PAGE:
President Leopold Sedar Senghor of Senegal wound up a four-day state visit to Nigeria on Wednesday (14 May) by issuing a joint communique with his host, President Alhaji Shehu Shagari.
GV President Leopold Sedar Senghor's place taxiing in at Lagos Airport.
GV President Alhaji Shehu Shagari and officials walking across tarmac.
SV President Senghor steps from plane and greeted by President Shagari.
SV President Senghor, with military officers, inspects Guard of Honour. (2 SHOTS)
LV President Senghor shaking hands with cabinet members.
SV Cultural dance group playing as President's party walk past airport building.
GV State House.
SV INTERIOR Two Presidents sign joint communique.
CU Presidents rise shake hands and exchange communiques (2 SHOTS)
CU President Senghor speaking in French to newsmen
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Background: President Leopold Sedar Senghor of Senegal wound up a four-day state visit to Nigeria on Wednesday (14 May) by issuing a joint communique with his host, President Alhaji Shehu Shagari. The communique touched on political, economic and cultural issues concerning the two West African countries in particular, and the world in general. The signing took place at State House in Lagos.
SYNOPSIS: President Sanghor's arrival at Lagos airport was greeted with full military pomp, with President Shagari on hand to greet his guest.
During the visit, both President were to reaffirm their commitments to the aims of the Economic Community of West African States (ECOWAS). They pledged to forge the community into a strong political and economic base for co-operation within the sub-region.
The two leaders viewed with concern the continued widening of the economic gap between the developed and under-developed countries. But they agreed that inter-African promotion of trade was bringing results.
Key Cabinet Ministers who later attended the signing of the communiques were introduced to President Senghor, at the airport ceremonies.
Both presidents said they were satisfied with the political situation in Zimbabwe, and pledged support for The South West African People's Organisation (SWAPO) struggle in Namibia.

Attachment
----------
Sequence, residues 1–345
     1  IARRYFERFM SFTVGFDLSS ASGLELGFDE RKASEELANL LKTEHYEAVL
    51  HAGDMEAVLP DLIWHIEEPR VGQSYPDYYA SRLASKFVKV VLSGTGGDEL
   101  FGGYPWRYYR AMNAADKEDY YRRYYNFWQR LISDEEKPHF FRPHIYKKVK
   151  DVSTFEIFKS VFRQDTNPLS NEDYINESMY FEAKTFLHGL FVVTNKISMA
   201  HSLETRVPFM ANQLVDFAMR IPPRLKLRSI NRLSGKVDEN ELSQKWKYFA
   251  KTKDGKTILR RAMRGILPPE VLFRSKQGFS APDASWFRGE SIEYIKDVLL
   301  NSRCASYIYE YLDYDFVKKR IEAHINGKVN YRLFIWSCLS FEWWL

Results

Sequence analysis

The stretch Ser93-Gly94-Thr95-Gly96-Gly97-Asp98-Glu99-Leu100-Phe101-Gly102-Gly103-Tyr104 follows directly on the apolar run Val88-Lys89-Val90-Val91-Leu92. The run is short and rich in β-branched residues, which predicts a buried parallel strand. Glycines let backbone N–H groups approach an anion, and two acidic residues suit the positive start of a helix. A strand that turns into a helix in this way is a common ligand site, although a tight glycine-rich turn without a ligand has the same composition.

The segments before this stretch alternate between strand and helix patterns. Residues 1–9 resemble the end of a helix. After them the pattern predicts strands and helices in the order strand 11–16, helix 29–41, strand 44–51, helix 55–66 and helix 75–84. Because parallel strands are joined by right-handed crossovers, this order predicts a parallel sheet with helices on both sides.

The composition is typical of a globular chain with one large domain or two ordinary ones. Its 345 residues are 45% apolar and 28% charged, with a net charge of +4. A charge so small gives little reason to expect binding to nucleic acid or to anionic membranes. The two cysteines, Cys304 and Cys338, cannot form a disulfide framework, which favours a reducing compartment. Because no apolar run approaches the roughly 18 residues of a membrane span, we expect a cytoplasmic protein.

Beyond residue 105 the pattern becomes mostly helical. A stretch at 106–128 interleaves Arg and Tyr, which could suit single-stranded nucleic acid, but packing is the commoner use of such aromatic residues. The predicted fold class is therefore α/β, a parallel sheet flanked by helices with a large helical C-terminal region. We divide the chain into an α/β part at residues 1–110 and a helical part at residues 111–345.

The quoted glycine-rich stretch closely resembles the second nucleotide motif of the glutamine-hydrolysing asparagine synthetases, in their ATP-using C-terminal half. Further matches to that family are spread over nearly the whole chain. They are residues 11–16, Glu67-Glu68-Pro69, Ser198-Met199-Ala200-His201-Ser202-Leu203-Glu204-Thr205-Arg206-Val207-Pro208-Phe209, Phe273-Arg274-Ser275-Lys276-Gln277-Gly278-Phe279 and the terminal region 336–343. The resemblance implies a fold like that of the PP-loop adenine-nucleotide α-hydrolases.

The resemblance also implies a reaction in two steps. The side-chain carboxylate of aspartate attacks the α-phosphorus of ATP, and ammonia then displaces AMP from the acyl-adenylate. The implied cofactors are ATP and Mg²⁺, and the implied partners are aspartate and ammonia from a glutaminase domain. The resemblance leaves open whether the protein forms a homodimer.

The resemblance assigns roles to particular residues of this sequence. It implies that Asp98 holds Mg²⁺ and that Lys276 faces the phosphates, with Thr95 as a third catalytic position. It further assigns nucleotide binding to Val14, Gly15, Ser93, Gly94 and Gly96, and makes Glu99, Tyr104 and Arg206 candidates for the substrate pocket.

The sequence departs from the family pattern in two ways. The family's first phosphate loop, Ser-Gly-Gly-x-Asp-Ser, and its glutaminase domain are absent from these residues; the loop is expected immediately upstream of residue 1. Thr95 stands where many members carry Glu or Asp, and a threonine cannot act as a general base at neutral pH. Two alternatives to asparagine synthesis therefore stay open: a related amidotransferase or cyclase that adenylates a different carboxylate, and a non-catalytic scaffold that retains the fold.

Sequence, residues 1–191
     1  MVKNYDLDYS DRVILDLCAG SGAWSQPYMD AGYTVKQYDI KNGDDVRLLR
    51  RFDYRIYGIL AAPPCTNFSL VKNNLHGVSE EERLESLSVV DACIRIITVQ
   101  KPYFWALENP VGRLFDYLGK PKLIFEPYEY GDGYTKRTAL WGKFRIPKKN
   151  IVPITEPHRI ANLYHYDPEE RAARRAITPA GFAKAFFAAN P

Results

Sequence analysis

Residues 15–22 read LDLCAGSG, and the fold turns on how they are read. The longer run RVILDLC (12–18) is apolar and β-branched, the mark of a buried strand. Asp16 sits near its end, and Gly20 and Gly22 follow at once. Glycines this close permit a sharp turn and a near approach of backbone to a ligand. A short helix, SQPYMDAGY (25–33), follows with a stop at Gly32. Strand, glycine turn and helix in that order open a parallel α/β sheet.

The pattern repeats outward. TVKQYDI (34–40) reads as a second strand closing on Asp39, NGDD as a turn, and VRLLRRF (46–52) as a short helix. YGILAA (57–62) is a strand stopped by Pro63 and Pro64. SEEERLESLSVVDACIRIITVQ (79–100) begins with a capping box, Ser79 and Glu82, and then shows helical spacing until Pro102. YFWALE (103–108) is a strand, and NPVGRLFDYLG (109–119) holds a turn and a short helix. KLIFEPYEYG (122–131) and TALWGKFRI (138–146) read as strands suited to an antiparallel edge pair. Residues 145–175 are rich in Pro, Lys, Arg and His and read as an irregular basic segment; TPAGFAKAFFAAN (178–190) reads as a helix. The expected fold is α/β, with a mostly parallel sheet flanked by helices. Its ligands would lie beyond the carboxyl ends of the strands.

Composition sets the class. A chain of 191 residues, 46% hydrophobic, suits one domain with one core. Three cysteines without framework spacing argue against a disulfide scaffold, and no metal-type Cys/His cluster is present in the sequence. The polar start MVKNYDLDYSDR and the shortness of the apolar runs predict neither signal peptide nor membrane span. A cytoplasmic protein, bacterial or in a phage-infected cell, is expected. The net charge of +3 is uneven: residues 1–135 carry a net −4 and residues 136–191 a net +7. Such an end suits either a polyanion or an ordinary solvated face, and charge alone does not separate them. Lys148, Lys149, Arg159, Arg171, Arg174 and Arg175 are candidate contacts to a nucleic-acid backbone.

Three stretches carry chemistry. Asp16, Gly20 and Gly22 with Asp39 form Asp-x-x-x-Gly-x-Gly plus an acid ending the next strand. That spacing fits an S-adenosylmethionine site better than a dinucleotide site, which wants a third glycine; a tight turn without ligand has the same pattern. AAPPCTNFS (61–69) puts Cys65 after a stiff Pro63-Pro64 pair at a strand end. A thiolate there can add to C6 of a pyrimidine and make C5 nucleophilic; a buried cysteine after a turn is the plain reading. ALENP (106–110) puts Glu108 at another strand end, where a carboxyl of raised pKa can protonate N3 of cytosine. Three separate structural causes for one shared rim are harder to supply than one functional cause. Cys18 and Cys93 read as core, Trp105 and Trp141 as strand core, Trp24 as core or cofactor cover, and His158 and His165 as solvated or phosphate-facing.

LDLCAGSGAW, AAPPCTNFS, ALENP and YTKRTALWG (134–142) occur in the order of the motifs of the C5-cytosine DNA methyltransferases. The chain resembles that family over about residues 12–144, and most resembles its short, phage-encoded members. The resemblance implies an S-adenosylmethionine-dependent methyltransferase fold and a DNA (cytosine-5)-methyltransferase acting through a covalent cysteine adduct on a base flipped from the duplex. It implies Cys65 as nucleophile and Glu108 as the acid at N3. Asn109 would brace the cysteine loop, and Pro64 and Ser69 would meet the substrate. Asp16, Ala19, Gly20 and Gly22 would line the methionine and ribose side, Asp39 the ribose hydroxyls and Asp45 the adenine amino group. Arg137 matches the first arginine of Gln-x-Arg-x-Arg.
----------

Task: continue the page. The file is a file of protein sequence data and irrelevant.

The signing took place on the lat day of the visit. The communique included agreements to expand bilateral trade, and official sources said Senegal wanted to increase her purchases of Nigerian crude oil by forty percent.
To widen the boundaries of their economic co-operation the two countries decided to set up a permanent joint economic commission. The commission would explore ways of promoting commercial and industrial co-operation within the ECOWAS framework.
At a news conference after the signing, President Senghor -- who's led Senegal for twenty years gave his views on various political issues on the African continent.
He said both he and President Shagari had expressed concern over events in neighbouring Chad, and reaffirmed their support for a negotiated settlement there under the umbrella of the Organisation of African Unity (OAU).
Questions about the merits of multi, as opposed to single-party, governments, Presidents Senghor said he, of course favoured the multi. But, in a newly-independent country, unprepared for governing itself, he felt a single party could be sensible if it practised democracy from within. And he declared his abhorrence of coup d'etats and any forms of political and social violence.
President Senghor said he had survived two attempted coup d'etats and had handled them without a shot fired not anyone condemned to death.